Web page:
Marsh K, English M, Crawley J (1996) The pathogenesis of severe malaria in African children. Ann Trop Med Parasitol 90:395–402PubMedGoogle Scholar
  94. 94.
    O’Dempsey TJ, McArdle TF, Laurence BE, Lamont AC, Todd JE, et al. (1993) Overlap in the clinical features of pneumonia and malaria in African children. Trans R Soc Trop Med Hyg 87:662–665PubMedCrossRefGoogle Scholar
  95. 95.
    Allen SJ, O’Donnell A, Alexander NDE, Clegg JB (1996) Severe malaria in children in Papua New Guinea. QJ Med 89:779–788Google Scholar
  96. 96.
    Brewster DR, Kwiatkowski D, White NJ (1990) Neurological sequelae of cerebral malaria in children. Lancet 336:1039–1043PubMedCrossRefGoogle Scholar
  97. 97.
    Greenwood BM (1997) What’s new in malaria control? Ann Trop Med Parasitol 91:523–531PubMedCrossRefGoogle Scholar
  98. 98.
    WHO Malaria Unit (1993) Global malaria control. Bull World Health Organ 71:281–284Google Scholar
  99. 99.
    Tripathi RP, Mishra RC, Dwivedi N, Tewari N, Verma SS (2005) Current status of malaria control. Curr Med Chem 12:2643–2659PubMedCrossRefGoogle Scholar
  100. 100.
    Brown GV (1993) Chemoprophylaxis of malaria. Med J Aust 159:187–196PubMedGoogle Scholar
  101. 101.
    Playfair JHL, Taverne J, Bate CAW, de Souza JB (1990) The malaria vaccine: anti-parasite or anti-disease? Immunol Today 11:25–27PubMedCrossRefGoogle Scholar
  102. 102.
    Clark IA, Rockett KA (1994) Immunizing against toxic malarial antigens. Parasitol Today 10:6PubMedCrossRefGoogle Scholar
  103. 103.
    Amador R, Patarroyo M (1996) Malaria vaccines. J Clin Immunol 16:183–189PubMedCrossRefGoogle Scholar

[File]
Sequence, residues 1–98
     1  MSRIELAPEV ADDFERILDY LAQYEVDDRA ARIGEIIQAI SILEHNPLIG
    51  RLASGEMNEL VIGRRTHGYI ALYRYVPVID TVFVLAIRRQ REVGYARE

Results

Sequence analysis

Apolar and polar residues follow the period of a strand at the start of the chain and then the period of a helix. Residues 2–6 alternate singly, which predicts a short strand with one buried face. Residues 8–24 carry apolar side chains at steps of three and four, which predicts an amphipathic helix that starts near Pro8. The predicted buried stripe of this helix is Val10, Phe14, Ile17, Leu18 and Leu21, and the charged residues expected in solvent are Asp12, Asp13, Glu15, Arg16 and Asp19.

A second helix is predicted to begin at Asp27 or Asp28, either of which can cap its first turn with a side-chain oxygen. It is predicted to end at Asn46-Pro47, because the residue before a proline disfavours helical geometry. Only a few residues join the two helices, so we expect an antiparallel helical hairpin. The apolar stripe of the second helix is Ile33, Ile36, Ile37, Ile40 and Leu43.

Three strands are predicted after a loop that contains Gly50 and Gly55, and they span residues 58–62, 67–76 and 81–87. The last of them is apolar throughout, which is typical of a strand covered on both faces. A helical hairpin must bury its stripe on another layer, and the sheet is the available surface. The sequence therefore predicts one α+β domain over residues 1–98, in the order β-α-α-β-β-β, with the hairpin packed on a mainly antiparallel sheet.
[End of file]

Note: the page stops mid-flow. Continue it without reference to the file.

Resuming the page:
104. 104.
    Kwiatkowski D, Marsh K (1997) Development of a malaria vaccine. Lancet 350:1696–1701PubMedCrossRefGoogle Scholar
  105. 105.
    Urdaneta M, Prata A, Stuchiner CJ, Tosta CE, Tauil P, et al. (1998) Evaluation of SPf66 malaria vaccine efficacy in Brazil. Am J Trop Med Hyg 58:378–385PubMedGoogle Scholar
  106. 106.
    Stoute JA, Slaoui M, Heppner DG, Momin P, Kester KE, et al. for the RTS, S Malaria Vaccine Evaluation Group (1997) A preliminary evaluation of a recombinant circumsporozoite protein vaccine against Plasmodium falciparum malaria. N Engl J Med 336:86–91PubMedCrossRefGoogle Scholar
  107. 107.
    Greenwood B (2005) Malaria vaccines evaluation and implementation. Acta Tropica 95:298–304PubMedCrossRefGoogle Scholar
  108. 108.
    Shibui A, Shiibashi T, Nogami S, Sugano S, Watanabe J (2005) A novel method for development of malaria vaccines using full-length cDNA libraries. Vaccine 23:4359–4366PubMedCrossRefGoogle Scholar
  109. 109.
    Moorthy VS, Good MF, Hill AVS (2004) Malaria vaccine developments. Lancet 363:150–156PubMedCrossRefGoogle Scholar
  110. 110.
    Graves P, Gelband H (2003) Vaccines for preventing malaria. The Cochrane database of systematic reviews, Issue 1. John Wiley, Chichester, UKGoogle Scholar

Copyright information

© Springer-Verlag Berlin Heidelberg 2007

Authors and Affiliations

  • C. Feldman
    • 1
  • G. A. Richards
    • 1
  1. 1.Department of MedicineJohannesburg Hospital and University of the WitwatersrandJohannesburgSouth Africa

Personalised recommendations